(1) This is a petition under sections 397, 398 and 403 of the Companies Act (1 of 1956) in respect of Thakar Hotel (Simla) Company Private Limited. It is alleged that on account of the oppression of minority represented by the petitioners, respondent No. 4 be removed from managership and all members of the company should constitute the Board of Directors. In the alternative, two sets of brothers should be equally represented on the board of directors and the non-director members should be joint managers on equal terms as to powers of management, remuneration and other facilities.
(2) The petitioners, Thakur Prem Singh and Thakur Pritam Singh, sons of Thakur Dass, are from his junior wife and respondents Nos. 3 and 4, Manohar Singh and Ram Sarup, and sons from the senior wife. Respondent No. 2, Shiv Saran Singh is related to the petitioner's father being his sister's husband. Thakur Dass and respondents No. 2, Shiv Saran Singh, are owners in equal shares of the property known as Bellevue South at Simla. In April, 1950 Thakur Dass executed a deed of gift transferring his half share in the house to the two petitioners and respondents Nos. 3 and 4 in equal shares. Thakur Dass ran a hotel business in this building under the name and style of 'Royal Hotel and Restaurant, Simla' as its some proprietor. He executed a deed of gift transferring the ownership of the hotel business to his four sons, the two petitioners and respondents Nos. 3 and 4, giving them each 12 per cent. The remaining 52 per cent, share was gifted by him in favour of respondent No. 2, Shiv Saran Singh. The result was that the two petitioners had become owners to the extent of 24/100ths share in the hotel business and respondents Nos. 3 and 4 had similar interest. The share of respondent No. 2 in the business in 52/100ths. The donees decided to run the hotel business as a private limited company styled as 'Thakar Hotel (Simla) Company Private Ltd.'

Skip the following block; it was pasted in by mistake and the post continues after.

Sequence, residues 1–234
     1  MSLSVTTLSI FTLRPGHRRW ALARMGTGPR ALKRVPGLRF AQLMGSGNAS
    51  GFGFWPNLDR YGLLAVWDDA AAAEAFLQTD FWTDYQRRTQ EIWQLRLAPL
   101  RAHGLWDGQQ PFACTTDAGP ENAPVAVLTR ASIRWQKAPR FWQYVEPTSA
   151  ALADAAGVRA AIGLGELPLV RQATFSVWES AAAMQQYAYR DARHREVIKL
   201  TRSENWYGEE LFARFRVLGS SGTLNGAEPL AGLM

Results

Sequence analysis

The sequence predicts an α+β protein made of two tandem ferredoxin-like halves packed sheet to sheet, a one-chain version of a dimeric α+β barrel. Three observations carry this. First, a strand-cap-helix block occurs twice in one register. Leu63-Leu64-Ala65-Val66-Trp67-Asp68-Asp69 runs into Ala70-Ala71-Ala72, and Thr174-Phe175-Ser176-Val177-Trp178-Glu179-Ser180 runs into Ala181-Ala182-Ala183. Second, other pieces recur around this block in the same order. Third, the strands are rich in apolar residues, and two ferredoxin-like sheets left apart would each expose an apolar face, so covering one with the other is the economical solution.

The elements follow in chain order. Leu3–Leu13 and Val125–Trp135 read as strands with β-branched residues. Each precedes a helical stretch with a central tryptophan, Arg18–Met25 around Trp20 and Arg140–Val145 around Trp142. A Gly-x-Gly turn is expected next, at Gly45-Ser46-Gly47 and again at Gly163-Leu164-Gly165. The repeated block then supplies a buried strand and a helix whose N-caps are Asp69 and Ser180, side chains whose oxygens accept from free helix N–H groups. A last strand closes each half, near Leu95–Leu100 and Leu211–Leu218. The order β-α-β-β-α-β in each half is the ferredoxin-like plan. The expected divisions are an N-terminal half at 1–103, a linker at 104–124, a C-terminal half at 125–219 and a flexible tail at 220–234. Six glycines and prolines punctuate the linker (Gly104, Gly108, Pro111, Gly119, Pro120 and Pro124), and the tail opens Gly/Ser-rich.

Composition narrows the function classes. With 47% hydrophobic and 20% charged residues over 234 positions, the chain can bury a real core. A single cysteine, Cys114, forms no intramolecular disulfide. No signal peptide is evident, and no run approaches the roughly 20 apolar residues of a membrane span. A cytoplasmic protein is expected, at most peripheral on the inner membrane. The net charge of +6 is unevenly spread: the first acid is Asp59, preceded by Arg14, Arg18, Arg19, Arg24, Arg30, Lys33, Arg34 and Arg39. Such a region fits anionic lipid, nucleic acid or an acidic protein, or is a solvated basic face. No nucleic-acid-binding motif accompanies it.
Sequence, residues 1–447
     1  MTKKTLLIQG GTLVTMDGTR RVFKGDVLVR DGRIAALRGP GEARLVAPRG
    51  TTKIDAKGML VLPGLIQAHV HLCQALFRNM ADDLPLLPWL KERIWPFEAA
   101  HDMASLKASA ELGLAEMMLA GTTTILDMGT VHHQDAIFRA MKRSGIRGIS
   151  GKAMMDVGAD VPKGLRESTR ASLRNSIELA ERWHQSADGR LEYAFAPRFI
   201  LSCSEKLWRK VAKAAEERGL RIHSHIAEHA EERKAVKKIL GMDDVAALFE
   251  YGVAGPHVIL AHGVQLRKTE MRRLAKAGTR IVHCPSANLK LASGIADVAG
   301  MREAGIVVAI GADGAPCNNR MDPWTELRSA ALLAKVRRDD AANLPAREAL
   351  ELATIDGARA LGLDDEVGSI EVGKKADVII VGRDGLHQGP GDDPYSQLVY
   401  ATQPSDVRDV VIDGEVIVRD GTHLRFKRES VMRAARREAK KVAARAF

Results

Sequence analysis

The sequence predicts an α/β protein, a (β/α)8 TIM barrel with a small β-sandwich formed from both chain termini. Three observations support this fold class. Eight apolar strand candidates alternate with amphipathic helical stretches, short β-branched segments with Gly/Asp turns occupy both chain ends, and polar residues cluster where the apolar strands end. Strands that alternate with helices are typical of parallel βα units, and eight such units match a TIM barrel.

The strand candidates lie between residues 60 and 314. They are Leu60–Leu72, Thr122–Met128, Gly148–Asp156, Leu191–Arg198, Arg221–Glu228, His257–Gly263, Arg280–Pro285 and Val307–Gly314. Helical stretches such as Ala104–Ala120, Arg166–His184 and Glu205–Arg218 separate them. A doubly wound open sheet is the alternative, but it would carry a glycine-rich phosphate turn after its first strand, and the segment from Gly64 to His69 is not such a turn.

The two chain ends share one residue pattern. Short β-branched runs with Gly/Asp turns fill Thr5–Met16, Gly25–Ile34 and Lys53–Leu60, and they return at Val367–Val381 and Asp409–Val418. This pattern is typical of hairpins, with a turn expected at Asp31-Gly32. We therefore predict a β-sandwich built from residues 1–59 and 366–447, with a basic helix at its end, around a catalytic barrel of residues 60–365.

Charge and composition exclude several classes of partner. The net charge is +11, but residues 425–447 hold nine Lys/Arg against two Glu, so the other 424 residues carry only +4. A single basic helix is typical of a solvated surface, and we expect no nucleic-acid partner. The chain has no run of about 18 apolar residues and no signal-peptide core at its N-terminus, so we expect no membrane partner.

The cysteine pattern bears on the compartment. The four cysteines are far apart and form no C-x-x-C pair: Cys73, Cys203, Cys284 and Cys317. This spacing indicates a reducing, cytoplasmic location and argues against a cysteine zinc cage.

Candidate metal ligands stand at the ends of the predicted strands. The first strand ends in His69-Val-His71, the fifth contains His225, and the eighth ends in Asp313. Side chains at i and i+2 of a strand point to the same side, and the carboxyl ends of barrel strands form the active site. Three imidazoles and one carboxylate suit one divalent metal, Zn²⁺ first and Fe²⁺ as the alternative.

The company was incorporated in September 1950 but the business had been running since 19th April, 1950, the date of the execution of the deed of gift. This company had an authorised capital of Rs. 2,00,000/- divided into 200 shares of Rs. 1,000/- each. The paid up capital was Rs. 50,000/- which was allotted to petitioners Nos. 1 and 2 and respondents Nos. 2, 3 and 4. Six fully paid up shares of the total value of Rs. 6,000/- were allotted to each of the two petitioners and to each of respondents Nos. 3 and 4. Respondent No. 2 was a holder of 26 fully paid up shares of the total value of Rs. 26,000/-. An agreement, Exhibit P. 75 was executed between the parties on 15th April, 1950, in relation to the constitution of the company which they were contemplating to form. Condition No. 4 of the agreement runs as under-
'There will be two directors, one of whom will be the first party (Shiv Saran Singh Thakur respondent No. 2) and the other director will be one out of the other four of the second party. The first party will be the managing director and so long as he holds the qualifications to be a director and in him will be vested and to him will be delegated all the powers of the board of directors.'
Article 90 of the Articles of Association of this company provides that unless otherwise determined by the company in general meeting the number of directors shall not be less than two or more than five. Article 91 provides that the first director shall be S. S. S. Thakur (respondent No. 2) and second, Manohar Singh, respondent No. 3. Article 92 confers power on the directors to appoint any other person to be a director subject to the qualification that the total number of directors shall not at any time exceed the maximum number. It may be added that this power has never been exercised and the board has constituted throughout of two directors whose names are mentioned above.
(3) The allegations made in the petition are that there is an undertaking that all the five promoters would be the first directors of the company, but beyond a mere allegation there is nothing substantial on the record in support of this contention. It was then alleged that respondent No. 2 who had become the managing director stayed most of the time in Delhi in the service of Government and did not attend to the working of the company from its inception till 1955. It was stated that the petitioners were merely assigned minor posts of assistant manager and store-keeper. The entire income and funds of the company used to be pocketed by respondents No. 3 and 4 and they ran the affairs of the company to their personal advantage and committed a number of irregularities including misappropriation of the funds. The affairs of the company were being mismanaged. It was also stated that no meeting of the members of the company took place until 7th June, 1952. Ram Sarup, respondent No. 4, had been convicted by the Magistrate in 1951 for forging Matriculation certificate of the Punjab University and be, therefore, had to leave service of the Government. The company appointed him manager in November, 1951. It was alleged that in May, 1951, the books of the company were not written up and large amounts were appropriated and respondent No. 3. Manohar Singh, admitted that a sum of Rs. 3,000/- was due from his though he had retained much larger amount. Respondent No. 3 was consequently removed and in his stead respondent No. 4 was appointed as the manager and the affairs of the company thus remained entirely in the hands of respondent No. 4.